Travel adjust on the Trace is accomplished by removing the lower air system assembly, tapping out a pin, repositioning a Delrin spacer and then reinserting the pin either with a vice or by tapping it back in with a punch.It's a job that's easily accomplished without any special tools and it doesn't require sourcing and purchasing any other parts, be they clip-on spacers, thread-on spacers, negative plates, bumpers, or air system shafts.
With the help of a bike stand, travel can be adjusted without removing the fork from and with minimal loss of fluids. Remove the front wheel and brake, pivot the bike so the fork is horizontal, let out the air, remove the lowers, and voila - access to the lower air system.
The HLR damper architecture has not changed significantly since X-Fusion switched over to a bladder-style damper for top-end forks. At the top of the fork, on rider's right, there's a gold adjuster for high-speed compression and a blue adjuster for low-speed compression. At the bottom, there is a red adjuster that controls rebound damping. All the adjusters have obvious detents, offer good grip with a bare or gloved hand, and feel solidly manufactured. The high-speed and low-speed adjusters are individually bolted into place.
For initial setup, I plan to match the settings I ran with the Trace 34. I ran the low-speed compression at 5 clicks (from closed) and the high-speed compression at 6 clicks (from closed) with 20% sag - but the compression circuit on the 36 feels much firmer out of the box. Once the fork breaks in I'll follow up with updated settings.
Wherever you service the Trace 36, one of the true beauties of the air system is how simple it is to clean, lube and reinstall. There are no transfer ports to clog with grease, no issues with oil volume in the negative air chamber, and the components are all high quality and easy to replace. Likewise, the damper is either purged of air, or it isn't, and it's easy to test by hand when it's out of the fork.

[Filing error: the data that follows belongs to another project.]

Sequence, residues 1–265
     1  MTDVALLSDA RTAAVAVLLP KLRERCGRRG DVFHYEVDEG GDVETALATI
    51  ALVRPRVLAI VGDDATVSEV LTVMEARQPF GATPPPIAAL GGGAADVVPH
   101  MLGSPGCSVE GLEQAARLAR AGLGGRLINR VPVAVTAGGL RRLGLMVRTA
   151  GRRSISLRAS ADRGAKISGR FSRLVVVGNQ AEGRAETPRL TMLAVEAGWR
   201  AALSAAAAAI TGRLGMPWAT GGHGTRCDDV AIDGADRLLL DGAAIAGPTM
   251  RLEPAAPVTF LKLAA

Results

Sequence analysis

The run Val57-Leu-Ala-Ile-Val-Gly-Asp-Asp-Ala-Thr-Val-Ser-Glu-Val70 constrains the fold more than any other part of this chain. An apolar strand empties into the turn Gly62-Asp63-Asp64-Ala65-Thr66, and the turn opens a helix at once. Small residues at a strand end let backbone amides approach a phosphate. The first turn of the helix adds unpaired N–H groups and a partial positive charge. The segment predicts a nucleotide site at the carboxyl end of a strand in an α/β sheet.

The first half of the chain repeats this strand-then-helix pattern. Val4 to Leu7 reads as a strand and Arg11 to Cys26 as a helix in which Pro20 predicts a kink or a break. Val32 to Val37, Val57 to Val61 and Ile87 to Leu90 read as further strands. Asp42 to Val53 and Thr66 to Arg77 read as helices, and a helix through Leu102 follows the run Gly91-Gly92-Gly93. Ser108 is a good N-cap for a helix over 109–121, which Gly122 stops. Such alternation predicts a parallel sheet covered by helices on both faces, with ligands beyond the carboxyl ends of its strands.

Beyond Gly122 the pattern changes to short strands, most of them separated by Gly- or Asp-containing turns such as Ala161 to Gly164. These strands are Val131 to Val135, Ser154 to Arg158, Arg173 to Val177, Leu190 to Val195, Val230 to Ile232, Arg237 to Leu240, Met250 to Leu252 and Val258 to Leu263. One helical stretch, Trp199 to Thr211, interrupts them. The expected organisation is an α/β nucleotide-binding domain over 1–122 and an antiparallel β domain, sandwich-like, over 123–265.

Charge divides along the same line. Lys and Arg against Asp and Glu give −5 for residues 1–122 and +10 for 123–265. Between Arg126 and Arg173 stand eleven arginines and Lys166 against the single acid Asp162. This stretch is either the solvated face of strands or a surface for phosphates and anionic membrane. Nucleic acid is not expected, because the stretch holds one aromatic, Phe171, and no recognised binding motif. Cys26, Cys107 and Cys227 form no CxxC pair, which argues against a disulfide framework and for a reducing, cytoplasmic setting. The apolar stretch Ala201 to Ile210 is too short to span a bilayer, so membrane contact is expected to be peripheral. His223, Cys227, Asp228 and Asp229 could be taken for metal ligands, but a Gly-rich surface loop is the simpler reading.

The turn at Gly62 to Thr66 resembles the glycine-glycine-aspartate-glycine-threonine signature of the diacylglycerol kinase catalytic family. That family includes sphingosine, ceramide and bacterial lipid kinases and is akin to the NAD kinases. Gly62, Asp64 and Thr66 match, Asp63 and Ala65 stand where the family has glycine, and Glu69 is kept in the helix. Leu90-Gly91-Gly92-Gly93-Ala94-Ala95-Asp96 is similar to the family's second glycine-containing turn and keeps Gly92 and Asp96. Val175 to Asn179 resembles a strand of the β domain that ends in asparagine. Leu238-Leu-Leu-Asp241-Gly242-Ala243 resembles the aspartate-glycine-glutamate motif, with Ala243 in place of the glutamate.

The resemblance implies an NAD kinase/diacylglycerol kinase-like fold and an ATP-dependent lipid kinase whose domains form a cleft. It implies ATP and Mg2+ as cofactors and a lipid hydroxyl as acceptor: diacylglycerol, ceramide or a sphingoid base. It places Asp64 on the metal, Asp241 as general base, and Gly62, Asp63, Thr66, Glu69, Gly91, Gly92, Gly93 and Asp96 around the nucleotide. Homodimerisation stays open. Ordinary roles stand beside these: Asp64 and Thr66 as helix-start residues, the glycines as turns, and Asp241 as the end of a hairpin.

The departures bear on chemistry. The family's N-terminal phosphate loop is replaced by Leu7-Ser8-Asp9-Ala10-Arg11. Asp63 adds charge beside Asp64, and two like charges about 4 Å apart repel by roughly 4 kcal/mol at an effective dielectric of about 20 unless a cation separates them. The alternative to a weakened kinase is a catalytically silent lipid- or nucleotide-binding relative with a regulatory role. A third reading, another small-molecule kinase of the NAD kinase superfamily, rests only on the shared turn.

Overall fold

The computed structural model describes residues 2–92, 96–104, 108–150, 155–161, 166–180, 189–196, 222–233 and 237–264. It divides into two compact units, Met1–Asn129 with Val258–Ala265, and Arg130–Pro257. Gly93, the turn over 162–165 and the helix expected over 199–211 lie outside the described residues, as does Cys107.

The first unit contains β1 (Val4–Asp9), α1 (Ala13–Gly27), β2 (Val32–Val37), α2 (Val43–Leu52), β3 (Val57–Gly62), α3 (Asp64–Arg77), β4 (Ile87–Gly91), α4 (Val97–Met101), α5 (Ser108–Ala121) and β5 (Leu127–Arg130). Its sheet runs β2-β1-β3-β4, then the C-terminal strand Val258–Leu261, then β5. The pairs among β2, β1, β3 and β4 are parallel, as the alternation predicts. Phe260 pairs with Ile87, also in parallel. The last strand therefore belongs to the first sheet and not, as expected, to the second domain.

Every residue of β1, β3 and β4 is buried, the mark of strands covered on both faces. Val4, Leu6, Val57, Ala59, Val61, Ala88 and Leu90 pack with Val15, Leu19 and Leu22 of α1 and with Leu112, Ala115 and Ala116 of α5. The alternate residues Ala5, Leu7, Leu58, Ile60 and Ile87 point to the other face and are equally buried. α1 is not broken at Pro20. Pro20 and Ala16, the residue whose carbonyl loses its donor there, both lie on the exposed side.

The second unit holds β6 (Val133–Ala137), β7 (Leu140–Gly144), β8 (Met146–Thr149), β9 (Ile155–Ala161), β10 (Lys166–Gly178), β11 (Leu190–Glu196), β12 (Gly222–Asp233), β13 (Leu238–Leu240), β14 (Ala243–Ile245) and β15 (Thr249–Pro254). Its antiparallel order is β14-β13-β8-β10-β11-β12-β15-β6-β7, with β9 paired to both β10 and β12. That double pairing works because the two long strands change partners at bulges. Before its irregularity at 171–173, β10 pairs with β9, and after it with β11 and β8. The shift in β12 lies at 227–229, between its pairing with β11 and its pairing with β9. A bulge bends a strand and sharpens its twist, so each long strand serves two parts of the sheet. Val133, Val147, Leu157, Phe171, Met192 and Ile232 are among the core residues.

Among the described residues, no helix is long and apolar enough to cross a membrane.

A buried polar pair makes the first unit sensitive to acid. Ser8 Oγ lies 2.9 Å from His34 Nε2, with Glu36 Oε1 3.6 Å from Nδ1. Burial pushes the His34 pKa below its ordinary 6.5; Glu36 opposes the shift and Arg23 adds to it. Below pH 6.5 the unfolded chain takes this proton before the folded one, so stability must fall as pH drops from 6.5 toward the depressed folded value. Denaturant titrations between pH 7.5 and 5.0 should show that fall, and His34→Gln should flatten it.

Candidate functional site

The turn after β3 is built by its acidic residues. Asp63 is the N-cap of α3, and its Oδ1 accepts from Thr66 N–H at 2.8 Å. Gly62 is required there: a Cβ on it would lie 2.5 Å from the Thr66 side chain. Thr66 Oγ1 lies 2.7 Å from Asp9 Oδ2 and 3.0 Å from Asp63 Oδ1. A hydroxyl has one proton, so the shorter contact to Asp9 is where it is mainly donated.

The seal configuration consists of the most commonly used combo oil-seal and dust-wiper sitting above a foam ring that's soaked in oil. Pack the seal in a light grease - Slickoeluem or equivalent - soak the foam rings and the fork feels buttery off the top.
The Trace 36 details aren't up on X-Fusion's service site yet; however, historically they are excellent about supplying tech guides and service videos. Speaking particularly about basic service, this is a fork that anyone with an interest, some patience, and access to a flush 28mm socket and a Shimano cassette tool should feel encouraged to tackle.
Spare parts are widely distributed in North America and while it may pay off to keep a spare set of seals handy, any shop can acquire the parts and knowledge to service these forks. In Canada, there us factory service and parts support covered through SuspensionWerx and S4 Suspension.
Out of the box, the X-Fusion Trace 36 has a firmer suspension feel compared to the Trace 34 but it's well within the range of other top end forks. I have it all ready to mount up and I'm excited to get a tonne of hours on the new platform soon. I'll jump into the comments with an update on base settings as soon as I'm through the break-in period.
This is a premium product, despite costing less than the average suspension fork in the full-featured long-travel 29'er category, and I have premium expectations. On the basis of the design, manufacturing, assembly and my past experience with the smaller chassis Trace 34 29'er I'm keen to see what X-Fusion brings to the trail.
For more information please talk to your local dealer or check out X-Fusion's site here.